On 15 August 1974 he decided to take two days off, and on 26 August he decided to have six weeks of complete rest. He had been checked over by many doctors, and an examination by Professor Tom O’Donnell on 27 August confirmed that he had an enlarged heart gravely weakened by embolisms, and which was not pumping regularly enough to get sufficient oxygen into his bloodstream; one lung was two-thirds incapacitated by the clot; and his stomach was very sore as his liver was swollen with retained fluid. He went into the Home of Compassion Hospital, Island Bay, Wellington on 28 August. He was photographed going in the boilerhouse door to avoid the media at the front. He rang and reminisced with close colleagues, and his bed was covered with official papers. On Saturday 31 August he told his wife Ruth, who had been told of his serious situation and came to Wellington, "I am dying .. please don't tell anyone". Soon after 9 pm, while watching a police drama on television (Softly, Softly: Taskforce with Stratford Johns on TV One), he slowly slid from a sitting position. He died of a pulmonary embolism when a blood clot released from a vein into his heart cut off the blood flow and stopped the heart. O'Donnell signed his death certificate.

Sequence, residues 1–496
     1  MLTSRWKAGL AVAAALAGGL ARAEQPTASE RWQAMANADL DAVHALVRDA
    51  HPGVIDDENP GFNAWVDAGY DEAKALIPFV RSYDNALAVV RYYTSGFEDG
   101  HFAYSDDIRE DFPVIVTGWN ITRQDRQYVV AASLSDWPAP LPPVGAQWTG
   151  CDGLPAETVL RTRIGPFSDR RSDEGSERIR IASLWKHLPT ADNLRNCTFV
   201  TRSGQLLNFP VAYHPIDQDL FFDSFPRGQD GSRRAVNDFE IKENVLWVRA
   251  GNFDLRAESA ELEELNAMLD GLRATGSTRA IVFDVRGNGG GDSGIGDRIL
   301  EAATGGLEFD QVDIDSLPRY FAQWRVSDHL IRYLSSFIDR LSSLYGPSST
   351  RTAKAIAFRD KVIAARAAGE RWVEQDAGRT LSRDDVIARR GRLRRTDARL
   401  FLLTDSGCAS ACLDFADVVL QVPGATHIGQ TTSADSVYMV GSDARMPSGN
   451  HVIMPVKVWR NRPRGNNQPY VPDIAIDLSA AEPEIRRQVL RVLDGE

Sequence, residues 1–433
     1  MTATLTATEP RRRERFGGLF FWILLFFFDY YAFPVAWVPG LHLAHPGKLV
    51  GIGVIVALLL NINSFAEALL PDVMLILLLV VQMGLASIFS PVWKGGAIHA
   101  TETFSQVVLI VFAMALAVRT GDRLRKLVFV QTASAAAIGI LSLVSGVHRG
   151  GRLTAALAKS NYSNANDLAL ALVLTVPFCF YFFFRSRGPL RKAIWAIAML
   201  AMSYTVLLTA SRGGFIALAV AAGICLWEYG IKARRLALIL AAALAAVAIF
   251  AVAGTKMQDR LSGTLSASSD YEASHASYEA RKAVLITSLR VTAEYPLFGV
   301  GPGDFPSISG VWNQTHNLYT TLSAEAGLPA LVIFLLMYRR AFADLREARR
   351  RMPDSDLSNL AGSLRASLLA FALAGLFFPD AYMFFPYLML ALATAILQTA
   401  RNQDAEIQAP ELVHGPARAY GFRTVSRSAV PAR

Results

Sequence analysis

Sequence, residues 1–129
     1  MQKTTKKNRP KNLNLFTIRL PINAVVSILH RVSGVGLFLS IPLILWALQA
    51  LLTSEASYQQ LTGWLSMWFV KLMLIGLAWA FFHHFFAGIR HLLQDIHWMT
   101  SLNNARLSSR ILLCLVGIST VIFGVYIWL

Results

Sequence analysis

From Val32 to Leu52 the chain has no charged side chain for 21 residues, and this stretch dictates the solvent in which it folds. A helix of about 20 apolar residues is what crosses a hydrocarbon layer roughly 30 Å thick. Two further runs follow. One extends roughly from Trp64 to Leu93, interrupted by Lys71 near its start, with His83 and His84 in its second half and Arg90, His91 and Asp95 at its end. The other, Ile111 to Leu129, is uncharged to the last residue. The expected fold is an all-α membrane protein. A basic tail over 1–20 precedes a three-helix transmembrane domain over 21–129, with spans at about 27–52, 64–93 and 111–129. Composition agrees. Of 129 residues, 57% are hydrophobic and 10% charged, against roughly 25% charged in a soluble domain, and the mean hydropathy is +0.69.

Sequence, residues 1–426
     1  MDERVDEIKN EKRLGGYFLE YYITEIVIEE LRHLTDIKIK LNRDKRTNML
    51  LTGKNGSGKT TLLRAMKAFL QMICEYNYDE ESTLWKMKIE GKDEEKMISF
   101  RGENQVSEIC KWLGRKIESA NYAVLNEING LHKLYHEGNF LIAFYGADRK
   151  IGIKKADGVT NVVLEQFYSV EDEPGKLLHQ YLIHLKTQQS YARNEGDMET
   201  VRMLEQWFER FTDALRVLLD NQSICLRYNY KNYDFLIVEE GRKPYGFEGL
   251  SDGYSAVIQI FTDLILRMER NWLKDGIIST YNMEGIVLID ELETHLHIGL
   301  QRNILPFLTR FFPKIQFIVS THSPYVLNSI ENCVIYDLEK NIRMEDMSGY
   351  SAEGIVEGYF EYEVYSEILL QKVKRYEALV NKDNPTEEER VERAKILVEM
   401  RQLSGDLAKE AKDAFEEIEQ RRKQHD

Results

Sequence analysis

While colleagues had been urging him to take some time off, none were aware of the seriousness of his last illness. Bob Harvey, the Labour Party President, said that Kirk was "a robust man" with the "constitution of a horse". He proposed a Royal Commission to investigate rumours that he had been killed, perhaps with contact poison, by the CIA. This story returned during the 1999 visit of Bill Clinton to New Zealand.
After a lying-in-state in Parliament from Monday to Wednesday there was a large official funeral in St Paul's Cathedral, Wellington on Wednesday 4 September attended by Prince Charles and Gough Whitlam; then on Thursday 5 September another service, also inter-denominational, in the Christchurch Town Hall followed by a simple burial service in his hometown Waimate. He was buried near his mother's grave; the burial service was delayed as the RNZAF Hercules could not land at Waimate and the procession hurried by road to meet the daylight requirement for burials. Memorial services were held around New Zealand, and on 26 September in Westminster Abbey, London.
He was succeeded in the Sydenham electorate by his son John Kirk, who won the resulting by-election in November 1974.